Capitol Insiders Provide Insight for Governor Bruce Rauner

January 13, 2015
 
Republican gubernatorial candidate Bruce Rauner presents his term limit petition in Springfield on Wednesday.

New Governor Bruce Rauner, during a campaign appearance in 2014.

(Brian Mackey/IPR)


Inauguration day is time for pomp; lofty speeches; patriotic songs. But oh so soon, the time for celebrations will stop, and the difficult work of running a state will begin.

If ever there was someone prepared for such a job -- put partisanship aside here, I'm speaking strictly from a resume standpoint --  Jim Edgar would make the list. When he became governor in 1991, he'd already served as Secretary of State, a state legislator, an aide to the governor and an aide to the speaker. And yet, Edgar says he still had a lot to learn. "I gotta say, that there were a lot of things when I became governor, I just didn't know. Wasn't prepared for," said Edgar.

Rauner, Edgar says, is going to have to learn a lot. And quick. Edgar -- like Rauner-- is a Republican.  He says especially given Rauner's inexperience in government, he's going to make mistakes. But, he says, everyone does.

Edgar says what's imperative is Rauner learn from them, and that he prioritize. While an education and economic development plan are important, that can wait."I've told him, I said, 'to me the most important things for you is to get a handle on the budget, and to put your staff together,"' said Edgar.

While Rauner hasn't revealed his budget plans yet -- or even revealed if he has a plan -- he has begun filling out his administration.

He's named top aides -- at least a half dozen, including his chief of staff are alums of GOP U.S. Sen. Mark Kirk's office; many helped run Rauner's campaign.

And he's begun to announce key Cabinet positions.

"Who Rauner chooses is important," said Ron Gidwitz; Gidwitz is himself a wealthy businessman who failed in his bid for governor in 2006.  Gidwitz was a key backer of Rauner early on this election cycle.

"Nobody's going to do this all by themselves, it's all a question of picking the right people and delegating. And that's what the governor's going to do. I'm very excited given the prospects of people he's already announced and the ones he will be announcing," said Gidwitz.Gidwitz didn't say who'll be part of that next round of appointments.

I caught Gidwitz as he was leaving the inauguration ceremony to go to lunch with Greg Baise -- the head of the Illinois Manufacturer's Association.

Baise is a well-known lobbyist, and his association carries sway in Springfield. Perhaps more than ever now; the IMA was an early endorser of Rauner, and followed that up by giving $100,000 to Rauner's inaugural festivities.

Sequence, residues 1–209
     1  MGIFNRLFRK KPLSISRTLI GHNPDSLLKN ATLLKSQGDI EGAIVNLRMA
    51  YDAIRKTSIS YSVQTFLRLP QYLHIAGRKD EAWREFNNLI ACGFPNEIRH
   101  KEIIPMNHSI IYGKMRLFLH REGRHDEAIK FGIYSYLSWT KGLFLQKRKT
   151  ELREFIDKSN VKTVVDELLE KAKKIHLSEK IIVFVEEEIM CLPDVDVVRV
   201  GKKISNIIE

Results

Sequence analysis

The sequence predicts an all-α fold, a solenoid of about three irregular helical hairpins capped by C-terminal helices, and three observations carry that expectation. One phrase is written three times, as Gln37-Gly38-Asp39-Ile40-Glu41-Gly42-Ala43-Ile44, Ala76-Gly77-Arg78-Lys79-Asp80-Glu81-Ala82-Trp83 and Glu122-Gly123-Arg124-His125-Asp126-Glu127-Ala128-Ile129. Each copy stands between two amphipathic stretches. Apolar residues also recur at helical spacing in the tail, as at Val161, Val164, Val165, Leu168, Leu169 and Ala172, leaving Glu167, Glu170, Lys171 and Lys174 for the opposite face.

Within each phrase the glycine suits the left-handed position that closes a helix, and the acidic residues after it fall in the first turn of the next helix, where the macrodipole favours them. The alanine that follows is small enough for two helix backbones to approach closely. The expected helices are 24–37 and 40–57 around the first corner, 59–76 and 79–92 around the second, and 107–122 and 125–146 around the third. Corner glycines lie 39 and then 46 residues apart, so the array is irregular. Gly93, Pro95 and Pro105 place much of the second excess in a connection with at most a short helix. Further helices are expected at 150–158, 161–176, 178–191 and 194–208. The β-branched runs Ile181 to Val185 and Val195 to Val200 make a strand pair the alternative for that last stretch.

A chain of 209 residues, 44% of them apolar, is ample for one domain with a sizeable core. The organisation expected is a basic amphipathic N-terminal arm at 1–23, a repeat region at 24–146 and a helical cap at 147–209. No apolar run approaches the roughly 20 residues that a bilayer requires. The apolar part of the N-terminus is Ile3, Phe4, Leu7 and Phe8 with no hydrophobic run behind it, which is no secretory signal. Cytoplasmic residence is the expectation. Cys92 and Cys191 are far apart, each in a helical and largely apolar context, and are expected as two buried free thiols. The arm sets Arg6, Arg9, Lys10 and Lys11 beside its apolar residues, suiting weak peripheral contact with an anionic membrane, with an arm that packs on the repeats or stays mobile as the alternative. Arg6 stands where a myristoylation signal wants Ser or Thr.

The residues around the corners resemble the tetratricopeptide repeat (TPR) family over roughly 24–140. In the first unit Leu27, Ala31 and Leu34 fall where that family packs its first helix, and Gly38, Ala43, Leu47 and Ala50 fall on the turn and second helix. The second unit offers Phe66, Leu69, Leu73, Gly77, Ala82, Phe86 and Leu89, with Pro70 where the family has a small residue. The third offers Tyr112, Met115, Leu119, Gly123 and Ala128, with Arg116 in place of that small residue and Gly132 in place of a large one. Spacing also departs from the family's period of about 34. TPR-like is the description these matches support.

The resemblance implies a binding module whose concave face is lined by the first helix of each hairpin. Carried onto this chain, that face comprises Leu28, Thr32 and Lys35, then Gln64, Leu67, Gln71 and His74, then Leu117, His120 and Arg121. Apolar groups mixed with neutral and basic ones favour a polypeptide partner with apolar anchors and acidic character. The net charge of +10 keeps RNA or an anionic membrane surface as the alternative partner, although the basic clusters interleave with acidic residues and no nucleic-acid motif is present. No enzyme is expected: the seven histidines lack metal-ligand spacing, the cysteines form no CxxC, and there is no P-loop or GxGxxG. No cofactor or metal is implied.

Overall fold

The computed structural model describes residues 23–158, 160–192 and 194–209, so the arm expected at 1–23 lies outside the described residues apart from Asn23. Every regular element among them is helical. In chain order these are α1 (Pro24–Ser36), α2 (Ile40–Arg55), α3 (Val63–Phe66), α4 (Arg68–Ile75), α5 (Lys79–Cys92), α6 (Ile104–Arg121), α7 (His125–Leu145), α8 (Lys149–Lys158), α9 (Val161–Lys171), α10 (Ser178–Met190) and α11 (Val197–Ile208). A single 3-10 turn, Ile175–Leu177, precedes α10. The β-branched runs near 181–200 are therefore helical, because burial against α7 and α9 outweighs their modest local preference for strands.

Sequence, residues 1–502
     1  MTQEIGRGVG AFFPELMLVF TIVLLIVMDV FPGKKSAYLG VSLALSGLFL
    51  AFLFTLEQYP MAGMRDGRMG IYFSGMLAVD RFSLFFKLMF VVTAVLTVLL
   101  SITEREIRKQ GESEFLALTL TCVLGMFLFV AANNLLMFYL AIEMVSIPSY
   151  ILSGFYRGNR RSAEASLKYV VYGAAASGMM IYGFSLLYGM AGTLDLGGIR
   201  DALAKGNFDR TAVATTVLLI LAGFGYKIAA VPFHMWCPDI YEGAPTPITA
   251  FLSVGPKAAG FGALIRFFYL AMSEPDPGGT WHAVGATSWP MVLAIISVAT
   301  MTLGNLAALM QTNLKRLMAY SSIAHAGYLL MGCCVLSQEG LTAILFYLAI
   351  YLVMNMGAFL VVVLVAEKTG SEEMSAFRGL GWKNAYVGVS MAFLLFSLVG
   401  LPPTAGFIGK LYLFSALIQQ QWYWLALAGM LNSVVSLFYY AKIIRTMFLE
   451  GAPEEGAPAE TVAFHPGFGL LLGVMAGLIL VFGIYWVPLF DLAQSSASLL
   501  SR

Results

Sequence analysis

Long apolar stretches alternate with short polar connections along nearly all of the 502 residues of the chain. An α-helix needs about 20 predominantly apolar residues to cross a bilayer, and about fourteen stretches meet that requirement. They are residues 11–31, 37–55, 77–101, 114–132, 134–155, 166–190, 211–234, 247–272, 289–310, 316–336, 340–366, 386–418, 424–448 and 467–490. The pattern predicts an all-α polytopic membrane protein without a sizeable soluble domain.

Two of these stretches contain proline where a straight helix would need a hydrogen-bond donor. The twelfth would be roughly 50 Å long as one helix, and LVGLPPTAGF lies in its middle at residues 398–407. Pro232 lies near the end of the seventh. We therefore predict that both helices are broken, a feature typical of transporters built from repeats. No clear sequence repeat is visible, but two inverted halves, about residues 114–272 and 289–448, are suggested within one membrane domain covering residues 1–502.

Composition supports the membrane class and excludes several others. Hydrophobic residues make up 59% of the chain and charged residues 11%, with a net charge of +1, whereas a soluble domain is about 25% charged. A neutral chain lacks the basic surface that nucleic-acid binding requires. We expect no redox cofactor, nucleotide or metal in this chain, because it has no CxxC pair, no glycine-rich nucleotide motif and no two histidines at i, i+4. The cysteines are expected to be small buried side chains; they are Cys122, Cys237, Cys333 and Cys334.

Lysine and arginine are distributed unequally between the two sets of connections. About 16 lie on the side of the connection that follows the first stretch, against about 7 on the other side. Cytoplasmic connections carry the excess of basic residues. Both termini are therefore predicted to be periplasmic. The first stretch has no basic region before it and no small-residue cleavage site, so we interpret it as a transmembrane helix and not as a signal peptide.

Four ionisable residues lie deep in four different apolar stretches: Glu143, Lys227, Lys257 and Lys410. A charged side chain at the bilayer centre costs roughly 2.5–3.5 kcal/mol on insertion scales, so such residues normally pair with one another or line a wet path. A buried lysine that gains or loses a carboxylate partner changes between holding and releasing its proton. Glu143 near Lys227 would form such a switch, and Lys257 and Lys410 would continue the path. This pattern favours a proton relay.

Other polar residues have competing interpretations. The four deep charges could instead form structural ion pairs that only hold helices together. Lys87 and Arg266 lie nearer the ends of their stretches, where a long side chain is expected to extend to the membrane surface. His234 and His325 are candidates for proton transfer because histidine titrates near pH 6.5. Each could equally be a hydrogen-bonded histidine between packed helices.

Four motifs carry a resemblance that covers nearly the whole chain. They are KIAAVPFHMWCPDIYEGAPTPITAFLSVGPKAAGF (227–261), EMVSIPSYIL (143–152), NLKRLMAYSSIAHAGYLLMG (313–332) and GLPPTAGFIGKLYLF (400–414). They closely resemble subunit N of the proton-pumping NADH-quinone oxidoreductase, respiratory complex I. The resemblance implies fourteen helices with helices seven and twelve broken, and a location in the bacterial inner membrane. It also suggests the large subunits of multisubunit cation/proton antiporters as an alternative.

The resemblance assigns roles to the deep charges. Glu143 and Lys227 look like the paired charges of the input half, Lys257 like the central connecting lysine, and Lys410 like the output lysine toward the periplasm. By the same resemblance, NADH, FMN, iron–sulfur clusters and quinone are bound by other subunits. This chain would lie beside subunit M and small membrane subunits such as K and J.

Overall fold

Baises's recommendation for Rauner was strong leadership for Illinois.

"He's got to be able to provide clear vision; one of the problem's the state's had the past twelve years is not strong executive leadership. Legisltures can't lead. Governors can. And that's what we hope Bruce Rauner will do," said Baise.

Baise also served in former Governor Jim Thompson's cabinet.  He understands Rauner will need legislators.  Or more specifically, he needs a certain number of them.

"Always remember, it's 30 and 60. You gotta get 30 in the Senate, and 60 in the House. You always remember that, you'll be well," said Baise.

It’s the sort of advice a lot of lobbyists would probably give. On one level, it's the fundamentals of government.  Getting a measure passed in the legislature is a key stop on the road of how a bill becomes a law.  It can also be one of the most difficult, if it's a controversial bill --- like a tax hike, or cuts to services.

Nearly every legislator I talked to -- and believe me, I asked a lot of them -- had similar advice on the best, way to get that done. 

Republican John D'Amico of Chicago suggested, "I think the one thing that he can do is have an open door policy. Continue to meet with legislators and hear their concerns. "

And Democratic Senator John Sullivan(D) of Rushville said, "My advice to him is the same advice I'll tell you. And that is, that we are partners. The General Assembly is a partner in this process. And we have to work together."

Senator Don Harmon, also a Democrat, of Oak Park "Work with the General Assembly. This is going to be a necessarily bipartisan legislative session."

Rauner has won praise for reaching out, but his repeated criticism of the General Assembly also left many legislators with bruises that won't quickly fade. He'll likely draw on his skills as a business executive as they face off in negotiations. But the Better Government Association's Andy Shaw says Rauner must realize, public life is different. "He'd better understand that government transparency is a lot different than business secrecy," said Shaw.

To that end, here's one last piece of advice, from someone who has spent the better part of a decade following every twitch of Illinois government and politics -- me. 

Bruce Rauner, you've said you don't care about winning re-election; that getting the state on track is your objective, no matter what it means for your politics future.  My advice? Be open with the media about what you're up to. By being honest with the press, you're being honest with the people of Illinois.

I realize you're looking at a huge budget hole, but that's my two cents.
 

Story source: Illinois Public Radio